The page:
What is going on can be explained completely in terms of exponent vectors. To do so we can map each generator $x^u -x^v$ of $J$ to the exponent vector $u-v \in \mathbb{Z}^n$. Conversely, for each integer vector $s\in \mathbb{Z}^n$ we can form a binomial $x^{s^+} - x^{s^-}$ where $s^\pm_i = \max(\pm s_i, 0)$ are the positive and negative part of $s$, such that $s = s^+ - s^-$. Now, take the integer vector images of a minimal generating set of $J$ and let $L_J$ be the sublattice of $\mathbb{Z}^n$ that they generate. This lattice is independent of the chosen generators and we have the following basic fact:

Prop. Let $S \subset L$ be any finite set of vectors spanning $L$ as a lattice. Then $J = \langle x^{s^+} - x^{s^-} : s\in S\rangle : \left(\prod_i x_i\right)^\infty$.

Typically a generating set of $L$ will be much smaller than any image of a minimal generating set of $J$. (Google for "Markov basis" to find tons of examples from algebraic statistics.) The proposition says that $J$ can be reconstructed from $L$, but also that whenever you remove a generator from $J$ and $L$ does not change, then the resulting ideal can not be prime (it has some extra components that are contained in the union of the coordinate planes). Dan's example is of this form.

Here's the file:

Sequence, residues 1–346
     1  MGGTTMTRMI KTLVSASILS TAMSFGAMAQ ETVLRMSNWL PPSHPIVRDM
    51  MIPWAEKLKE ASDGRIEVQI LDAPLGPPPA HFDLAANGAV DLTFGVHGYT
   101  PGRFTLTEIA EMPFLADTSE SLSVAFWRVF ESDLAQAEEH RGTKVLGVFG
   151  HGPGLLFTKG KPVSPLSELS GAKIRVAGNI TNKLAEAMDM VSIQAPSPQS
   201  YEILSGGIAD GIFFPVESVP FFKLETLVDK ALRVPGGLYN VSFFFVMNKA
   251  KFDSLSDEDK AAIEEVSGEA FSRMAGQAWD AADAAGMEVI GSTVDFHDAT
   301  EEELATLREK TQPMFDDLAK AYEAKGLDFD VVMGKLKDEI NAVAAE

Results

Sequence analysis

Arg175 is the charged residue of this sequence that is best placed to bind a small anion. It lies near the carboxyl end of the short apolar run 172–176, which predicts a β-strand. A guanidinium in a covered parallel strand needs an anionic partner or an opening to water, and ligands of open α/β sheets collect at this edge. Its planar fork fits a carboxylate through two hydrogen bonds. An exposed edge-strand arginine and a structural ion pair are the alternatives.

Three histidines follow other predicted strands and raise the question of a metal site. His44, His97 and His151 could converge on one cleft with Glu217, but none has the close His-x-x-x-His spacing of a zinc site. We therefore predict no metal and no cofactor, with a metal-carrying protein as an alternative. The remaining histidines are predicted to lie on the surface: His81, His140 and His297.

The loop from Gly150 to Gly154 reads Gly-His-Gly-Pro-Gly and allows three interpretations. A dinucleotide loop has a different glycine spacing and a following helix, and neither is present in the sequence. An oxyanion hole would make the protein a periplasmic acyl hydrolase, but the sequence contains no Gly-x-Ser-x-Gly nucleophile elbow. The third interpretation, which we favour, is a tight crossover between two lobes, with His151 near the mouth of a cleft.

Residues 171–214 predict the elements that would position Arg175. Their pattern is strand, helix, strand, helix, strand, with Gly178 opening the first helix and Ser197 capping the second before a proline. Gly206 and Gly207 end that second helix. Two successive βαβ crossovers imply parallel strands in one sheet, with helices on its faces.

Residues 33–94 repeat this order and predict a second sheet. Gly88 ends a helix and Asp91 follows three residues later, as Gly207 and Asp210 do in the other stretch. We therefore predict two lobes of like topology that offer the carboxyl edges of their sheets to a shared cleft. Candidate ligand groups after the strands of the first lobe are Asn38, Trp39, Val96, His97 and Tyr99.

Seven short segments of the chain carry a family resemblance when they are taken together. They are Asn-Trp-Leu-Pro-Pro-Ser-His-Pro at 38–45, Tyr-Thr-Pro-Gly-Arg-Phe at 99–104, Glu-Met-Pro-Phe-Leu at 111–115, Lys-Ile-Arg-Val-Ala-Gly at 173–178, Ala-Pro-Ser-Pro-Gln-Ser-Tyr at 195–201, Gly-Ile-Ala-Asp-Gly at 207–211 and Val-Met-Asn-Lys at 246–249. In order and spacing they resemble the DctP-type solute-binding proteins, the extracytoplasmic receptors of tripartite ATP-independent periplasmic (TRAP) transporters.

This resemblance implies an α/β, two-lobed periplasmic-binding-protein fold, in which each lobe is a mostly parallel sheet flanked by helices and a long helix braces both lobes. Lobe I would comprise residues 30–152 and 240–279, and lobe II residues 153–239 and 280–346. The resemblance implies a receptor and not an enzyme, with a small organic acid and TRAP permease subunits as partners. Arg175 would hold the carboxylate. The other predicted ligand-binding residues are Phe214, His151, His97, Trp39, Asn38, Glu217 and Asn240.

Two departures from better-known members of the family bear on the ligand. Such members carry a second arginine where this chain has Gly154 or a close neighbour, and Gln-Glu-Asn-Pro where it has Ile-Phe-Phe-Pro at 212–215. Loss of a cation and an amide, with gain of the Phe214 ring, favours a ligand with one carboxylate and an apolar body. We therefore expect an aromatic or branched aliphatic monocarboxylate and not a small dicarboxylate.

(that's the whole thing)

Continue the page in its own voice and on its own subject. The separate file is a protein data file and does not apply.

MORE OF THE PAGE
Therefore the only chance that you may have, is when $J$ is, in fact, a complete intersection. This case is treated in the paper "Affine semigroup rings that are complete intersections" by Fischer, Morris, and Shapiro Proc. AMS 125 (11), 1997. It contains a combinatorial characterization complete intersection semigroups in Theorem 3.1 which may be useful for finding a counterexample in that case too.